Saranac Lake bar has something brewing with help of state funding

Jay Denno lines a telehandler up with a flatbed truck to lift new brewing equipment for Bitters and Bones on Wednesday. Aaron Cerbone/ Adirondack Daily Enterprise

SARANAC LAKE — Ten large tanks were lifted from a flatbed truck outside Bitters and Bones and moved into the bar Wednesday morning. It was the brewing equipment bar co-owners Jimmy and Johnny Williams hope to start making beer with in the near future.

“It’s a big day, man,” Johnny said.

They’ve been waiting to do this for a while, he said. He put the deposit on the brewing system down the week before mass-industry shutdowns in the spring of 2020 because of the coronavirus pandemic.

On Wednesday, Patrick Dupree helped move the tanks and Jay Denno was driving a telehandler, lifting the large cylinders and driving them uphill to the parking lot. Johnny said they couldn’t have done this without their friends’ help.

Each tank was emblazoned with the Bitters and Bones logo — a bone, a bottle and a moose skull — but Johnny said the beer’s brand name is “to be determined.”

Jimmy said the idea to become a brewery started around four years ago, as the village started its application for the state’s $10 million Downtown Revitalization Initiative grant, which it won in 2018.

The bar and brewery expansion was one of 10 projects selected by the state from a list of 19 projects submitted by the Local Planning Committee.

When Gov. Kathy Hochul announced the award in 2019 — when she was lieutenant governor — Johnny remembers she made a point to talk about the economic development power of brewing in small towns.

The bar is using DRI funds to renovate its main bar space, expand its kitchen and build a second rooftop deck. Johnny said they will keep the two apartments above the bar. The deck will be over the main bar room and side deck, where a slanted metal roof is now.

Bitters and Bones will receive a reimbursement of $381,500 from the state for the improvements.

Altogether, the project is expected to cost $740,000, so the state is contributing around 50% of the cost.

“I won’t say it would be impossible without it,” Johnny said. “While I think Jimmy and I would have ultimately made brewing part of our business in the future, the DRI certainly streamlined the process and put it on a fast track.”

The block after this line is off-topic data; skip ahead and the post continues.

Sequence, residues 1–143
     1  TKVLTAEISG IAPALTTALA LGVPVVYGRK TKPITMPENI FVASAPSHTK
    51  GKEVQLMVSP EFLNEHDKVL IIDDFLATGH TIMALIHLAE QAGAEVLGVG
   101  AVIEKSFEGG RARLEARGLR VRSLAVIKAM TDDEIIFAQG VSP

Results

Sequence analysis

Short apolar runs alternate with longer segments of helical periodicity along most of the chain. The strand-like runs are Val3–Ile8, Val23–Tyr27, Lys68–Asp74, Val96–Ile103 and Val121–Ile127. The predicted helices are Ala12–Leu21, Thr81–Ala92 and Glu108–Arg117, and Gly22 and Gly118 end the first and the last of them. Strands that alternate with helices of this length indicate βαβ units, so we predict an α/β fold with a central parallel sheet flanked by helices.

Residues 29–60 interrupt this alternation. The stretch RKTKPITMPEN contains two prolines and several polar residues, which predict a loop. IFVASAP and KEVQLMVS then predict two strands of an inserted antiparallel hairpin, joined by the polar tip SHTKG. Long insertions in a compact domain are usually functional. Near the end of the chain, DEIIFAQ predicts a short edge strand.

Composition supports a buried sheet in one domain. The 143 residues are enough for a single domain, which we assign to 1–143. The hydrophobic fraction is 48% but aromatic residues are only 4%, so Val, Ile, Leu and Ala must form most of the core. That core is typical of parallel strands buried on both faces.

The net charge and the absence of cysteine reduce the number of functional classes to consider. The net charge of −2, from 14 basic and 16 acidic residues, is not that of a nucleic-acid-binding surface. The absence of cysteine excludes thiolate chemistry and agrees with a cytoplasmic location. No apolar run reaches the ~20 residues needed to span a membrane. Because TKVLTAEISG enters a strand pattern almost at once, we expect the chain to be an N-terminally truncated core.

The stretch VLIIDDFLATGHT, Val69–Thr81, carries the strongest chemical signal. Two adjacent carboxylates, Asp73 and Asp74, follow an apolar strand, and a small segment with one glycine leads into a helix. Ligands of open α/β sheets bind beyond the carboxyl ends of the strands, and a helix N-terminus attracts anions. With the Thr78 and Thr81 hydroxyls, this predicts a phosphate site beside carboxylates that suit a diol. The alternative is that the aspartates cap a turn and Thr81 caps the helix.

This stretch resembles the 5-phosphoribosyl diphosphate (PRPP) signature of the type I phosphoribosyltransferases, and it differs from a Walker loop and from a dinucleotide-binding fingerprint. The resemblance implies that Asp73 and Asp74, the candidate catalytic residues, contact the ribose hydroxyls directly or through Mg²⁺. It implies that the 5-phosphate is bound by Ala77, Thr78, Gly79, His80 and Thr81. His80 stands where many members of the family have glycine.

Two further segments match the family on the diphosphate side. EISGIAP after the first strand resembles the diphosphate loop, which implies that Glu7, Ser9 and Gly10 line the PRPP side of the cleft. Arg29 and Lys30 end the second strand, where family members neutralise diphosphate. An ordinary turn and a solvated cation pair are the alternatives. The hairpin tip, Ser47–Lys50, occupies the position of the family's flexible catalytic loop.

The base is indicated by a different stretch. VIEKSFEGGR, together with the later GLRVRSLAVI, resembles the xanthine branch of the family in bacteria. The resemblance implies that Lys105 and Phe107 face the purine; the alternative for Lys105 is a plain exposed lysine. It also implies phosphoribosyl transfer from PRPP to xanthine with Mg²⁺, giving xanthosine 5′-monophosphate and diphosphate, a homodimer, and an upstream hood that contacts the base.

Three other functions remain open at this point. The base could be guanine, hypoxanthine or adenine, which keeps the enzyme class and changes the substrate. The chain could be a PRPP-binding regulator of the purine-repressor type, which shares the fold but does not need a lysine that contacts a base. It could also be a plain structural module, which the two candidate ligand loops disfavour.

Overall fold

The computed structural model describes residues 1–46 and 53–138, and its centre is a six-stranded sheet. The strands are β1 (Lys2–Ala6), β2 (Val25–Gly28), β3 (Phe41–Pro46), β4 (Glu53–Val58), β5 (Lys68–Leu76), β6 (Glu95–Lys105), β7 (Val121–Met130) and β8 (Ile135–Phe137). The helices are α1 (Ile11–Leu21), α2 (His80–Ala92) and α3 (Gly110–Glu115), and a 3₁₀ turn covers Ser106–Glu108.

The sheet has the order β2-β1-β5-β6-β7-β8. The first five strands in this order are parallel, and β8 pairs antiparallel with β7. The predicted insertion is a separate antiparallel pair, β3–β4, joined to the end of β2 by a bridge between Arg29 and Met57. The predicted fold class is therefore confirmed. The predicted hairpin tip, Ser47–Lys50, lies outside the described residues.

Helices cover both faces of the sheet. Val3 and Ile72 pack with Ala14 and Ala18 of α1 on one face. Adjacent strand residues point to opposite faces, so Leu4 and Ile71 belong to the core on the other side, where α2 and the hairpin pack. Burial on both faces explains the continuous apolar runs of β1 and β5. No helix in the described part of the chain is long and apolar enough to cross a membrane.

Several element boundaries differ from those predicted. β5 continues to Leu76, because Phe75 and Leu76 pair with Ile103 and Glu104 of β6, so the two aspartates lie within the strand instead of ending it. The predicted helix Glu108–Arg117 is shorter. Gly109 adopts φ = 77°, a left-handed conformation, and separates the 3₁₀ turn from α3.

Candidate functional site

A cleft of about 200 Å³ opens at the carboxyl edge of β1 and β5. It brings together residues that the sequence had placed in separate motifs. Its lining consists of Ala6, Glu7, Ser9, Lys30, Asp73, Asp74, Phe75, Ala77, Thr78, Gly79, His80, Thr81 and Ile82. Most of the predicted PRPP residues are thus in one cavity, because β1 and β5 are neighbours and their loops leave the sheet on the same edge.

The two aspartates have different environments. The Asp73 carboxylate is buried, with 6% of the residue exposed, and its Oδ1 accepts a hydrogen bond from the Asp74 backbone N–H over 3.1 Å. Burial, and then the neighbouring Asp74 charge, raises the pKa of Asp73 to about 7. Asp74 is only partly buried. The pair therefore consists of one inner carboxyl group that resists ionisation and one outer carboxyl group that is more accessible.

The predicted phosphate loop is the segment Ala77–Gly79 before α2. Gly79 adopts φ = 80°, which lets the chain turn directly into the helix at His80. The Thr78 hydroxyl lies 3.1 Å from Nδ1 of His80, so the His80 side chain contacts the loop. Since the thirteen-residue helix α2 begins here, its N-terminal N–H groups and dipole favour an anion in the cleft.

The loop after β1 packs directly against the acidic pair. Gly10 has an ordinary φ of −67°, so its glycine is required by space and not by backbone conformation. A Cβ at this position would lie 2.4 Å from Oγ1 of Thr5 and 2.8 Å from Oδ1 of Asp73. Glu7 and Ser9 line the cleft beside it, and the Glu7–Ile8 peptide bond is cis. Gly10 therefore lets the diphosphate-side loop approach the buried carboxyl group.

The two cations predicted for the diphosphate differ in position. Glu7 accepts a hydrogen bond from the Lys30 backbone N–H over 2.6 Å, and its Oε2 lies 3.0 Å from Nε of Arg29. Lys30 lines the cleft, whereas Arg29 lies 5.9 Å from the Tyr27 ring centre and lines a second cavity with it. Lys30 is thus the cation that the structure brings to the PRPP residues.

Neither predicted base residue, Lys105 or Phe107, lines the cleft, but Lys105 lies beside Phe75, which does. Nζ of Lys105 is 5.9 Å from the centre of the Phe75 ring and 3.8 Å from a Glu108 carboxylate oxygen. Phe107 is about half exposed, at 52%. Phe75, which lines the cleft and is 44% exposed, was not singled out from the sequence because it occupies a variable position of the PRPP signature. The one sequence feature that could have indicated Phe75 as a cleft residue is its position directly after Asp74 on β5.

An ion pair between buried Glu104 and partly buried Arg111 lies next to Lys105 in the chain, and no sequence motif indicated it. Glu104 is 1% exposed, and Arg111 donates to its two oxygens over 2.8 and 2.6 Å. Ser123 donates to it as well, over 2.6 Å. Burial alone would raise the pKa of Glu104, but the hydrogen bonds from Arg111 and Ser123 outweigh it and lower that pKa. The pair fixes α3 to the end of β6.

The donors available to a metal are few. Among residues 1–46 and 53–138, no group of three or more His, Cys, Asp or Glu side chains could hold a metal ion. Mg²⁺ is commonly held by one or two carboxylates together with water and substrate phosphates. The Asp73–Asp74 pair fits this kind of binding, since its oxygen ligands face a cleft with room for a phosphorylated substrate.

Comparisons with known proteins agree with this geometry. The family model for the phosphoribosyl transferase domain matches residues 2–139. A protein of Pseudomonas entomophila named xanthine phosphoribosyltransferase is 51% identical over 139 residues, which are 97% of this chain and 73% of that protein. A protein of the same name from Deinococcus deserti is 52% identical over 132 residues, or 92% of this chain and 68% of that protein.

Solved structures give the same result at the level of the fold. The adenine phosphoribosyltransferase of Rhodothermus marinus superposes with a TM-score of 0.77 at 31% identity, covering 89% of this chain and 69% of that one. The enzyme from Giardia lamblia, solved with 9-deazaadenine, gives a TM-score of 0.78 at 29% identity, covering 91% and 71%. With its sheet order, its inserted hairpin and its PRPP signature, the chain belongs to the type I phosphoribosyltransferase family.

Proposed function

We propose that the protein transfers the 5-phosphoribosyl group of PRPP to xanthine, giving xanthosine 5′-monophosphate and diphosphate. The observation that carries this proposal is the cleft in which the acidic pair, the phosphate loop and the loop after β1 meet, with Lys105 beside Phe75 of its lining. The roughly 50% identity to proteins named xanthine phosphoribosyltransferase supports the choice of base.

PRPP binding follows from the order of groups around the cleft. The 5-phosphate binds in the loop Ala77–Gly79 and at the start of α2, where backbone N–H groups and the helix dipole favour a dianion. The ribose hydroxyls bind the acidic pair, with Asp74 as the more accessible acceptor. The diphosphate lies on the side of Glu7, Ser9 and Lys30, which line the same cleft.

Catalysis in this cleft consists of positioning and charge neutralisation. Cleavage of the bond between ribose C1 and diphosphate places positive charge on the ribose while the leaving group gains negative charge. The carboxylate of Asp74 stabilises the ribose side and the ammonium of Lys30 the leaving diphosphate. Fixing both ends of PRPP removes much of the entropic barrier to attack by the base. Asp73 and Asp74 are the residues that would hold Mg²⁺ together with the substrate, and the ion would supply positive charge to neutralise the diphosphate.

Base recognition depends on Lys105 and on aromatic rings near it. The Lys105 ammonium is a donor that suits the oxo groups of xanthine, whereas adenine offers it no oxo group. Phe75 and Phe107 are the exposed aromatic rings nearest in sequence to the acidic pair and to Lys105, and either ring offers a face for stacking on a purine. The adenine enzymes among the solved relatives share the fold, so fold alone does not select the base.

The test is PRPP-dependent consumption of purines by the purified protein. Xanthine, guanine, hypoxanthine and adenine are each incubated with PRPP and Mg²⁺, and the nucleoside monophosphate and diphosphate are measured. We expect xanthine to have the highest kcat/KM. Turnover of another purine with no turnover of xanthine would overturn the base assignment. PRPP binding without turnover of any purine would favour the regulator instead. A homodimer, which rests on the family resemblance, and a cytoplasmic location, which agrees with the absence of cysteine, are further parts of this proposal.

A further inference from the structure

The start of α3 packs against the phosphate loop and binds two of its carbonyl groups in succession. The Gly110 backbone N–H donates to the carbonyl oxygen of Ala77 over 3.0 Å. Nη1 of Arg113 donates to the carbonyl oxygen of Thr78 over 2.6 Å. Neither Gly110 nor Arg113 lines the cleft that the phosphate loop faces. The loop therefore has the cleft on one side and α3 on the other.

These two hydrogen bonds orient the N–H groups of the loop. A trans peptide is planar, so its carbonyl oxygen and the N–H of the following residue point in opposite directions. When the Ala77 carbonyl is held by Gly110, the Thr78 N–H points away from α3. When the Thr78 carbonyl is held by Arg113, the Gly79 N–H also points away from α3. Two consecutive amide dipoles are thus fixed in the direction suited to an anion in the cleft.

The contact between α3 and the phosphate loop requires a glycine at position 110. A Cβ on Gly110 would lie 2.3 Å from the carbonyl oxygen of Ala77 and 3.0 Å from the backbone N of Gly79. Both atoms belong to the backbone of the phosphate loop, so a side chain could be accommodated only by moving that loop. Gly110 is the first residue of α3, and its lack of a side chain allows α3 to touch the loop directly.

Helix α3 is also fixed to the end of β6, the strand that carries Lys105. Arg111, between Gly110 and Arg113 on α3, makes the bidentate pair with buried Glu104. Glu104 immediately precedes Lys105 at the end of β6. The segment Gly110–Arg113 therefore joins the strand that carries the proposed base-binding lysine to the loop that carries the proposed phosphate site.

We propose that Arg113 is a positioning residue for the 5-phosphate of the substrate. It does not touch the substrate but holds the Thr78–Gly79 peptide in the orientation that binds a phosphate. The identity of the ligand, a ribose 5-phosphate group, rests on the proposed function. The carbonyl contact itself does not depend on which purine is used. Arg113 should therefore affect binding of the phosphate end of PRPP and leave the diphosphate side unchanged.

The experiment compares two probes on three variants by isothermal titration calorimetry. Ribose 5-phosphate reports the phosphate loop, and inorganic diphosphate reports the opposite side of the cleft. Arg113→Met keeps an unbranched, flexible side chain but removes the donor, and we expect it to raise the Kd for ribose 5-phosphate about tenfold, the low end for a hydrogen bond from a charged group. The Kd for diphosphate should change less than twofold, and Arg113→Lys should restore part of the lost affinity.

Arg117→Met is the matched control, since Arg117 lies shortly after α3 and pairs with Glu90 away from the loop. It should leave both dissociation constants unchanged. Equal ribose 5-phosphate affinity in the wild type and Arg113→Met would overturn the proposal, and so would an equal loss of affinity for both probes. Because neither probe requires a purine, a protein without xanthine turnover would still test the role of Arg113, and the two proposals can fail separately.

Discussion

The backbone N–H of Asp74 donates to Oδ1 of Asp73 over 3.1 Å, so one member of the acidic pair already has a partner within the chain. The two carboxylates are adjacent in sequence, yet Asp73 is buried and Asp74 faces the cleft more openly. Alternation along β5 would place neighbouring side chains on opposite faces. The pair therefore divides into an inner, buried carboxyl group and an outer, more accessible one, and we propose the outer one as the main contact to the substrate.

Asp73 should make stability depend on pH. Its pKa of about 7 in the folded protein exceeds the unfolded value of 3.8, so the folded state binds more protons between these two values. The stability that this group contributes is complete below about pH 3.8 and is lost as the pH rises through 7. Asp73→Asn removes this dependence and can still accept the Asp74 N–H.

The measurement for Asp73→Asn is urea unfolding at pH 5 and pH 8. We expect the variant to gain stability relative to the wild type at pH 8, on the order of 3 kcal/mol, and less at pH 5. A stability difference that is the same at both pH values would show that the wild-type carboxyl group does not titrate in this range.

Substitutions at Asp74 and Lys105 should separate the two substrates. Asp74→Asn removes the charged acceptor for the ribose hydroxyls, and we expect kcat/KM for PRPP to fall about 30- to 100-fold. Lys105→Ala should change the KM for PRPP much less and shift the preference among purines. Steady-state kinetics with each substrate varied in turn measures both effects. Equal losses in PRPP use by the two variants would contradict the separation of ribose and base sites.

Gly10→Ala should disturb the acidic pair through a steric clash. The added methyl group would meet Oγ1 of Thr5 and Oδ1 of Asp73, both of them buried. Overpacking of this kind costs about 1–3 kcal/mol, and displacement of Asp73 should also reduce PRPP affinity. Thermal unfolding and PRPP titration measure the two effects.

Johnny said there will be lots of setup and testing for them to do before they start producing beer. Both brothers are new to brewing and they’ve got to learn and experiment first.

“All we have is brewing equipment right now, which is attractive to look at, but we still have a long ways to go before we’re actually producing beer,” Johnny said. “Luckily, my brother is a very hands-on, very do-it-yourself kind of guy.”

Portland Kettle Works, which designed the system, will send its lead engineer to show them the ropes in three full brewing cycles. They won’t be brewmasters yet, but they’re going to talk to the brewmasters they know and learn from them.

Johnny said he’s looking forward to brewing a crisp lager, one that is “easy drinking and sessionable.” He said they’ll also be brewing IPAs and seasonal beers.

“We’re going to take cues from the folks we rely on to keep the lights on,” Johnny said.

Personally, he likes easy-drinking beers.

“I really haven’t found my sea legs when it comes to real hoppy beers,” Johnny said. “They tend to make me sleepy.”

Johnny said he’s talking with local brewers in Saranac Lake, Tupper Lake, Ray Brook and the wider region. He sees their businesses as collaborative more than competitive. He said the more the region offers, the better.

The 7-barrel system from Portland Kettle Works now sits in the renovated back room of the bar, waiting to start brewing.

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Johnson Newspapers 7.1

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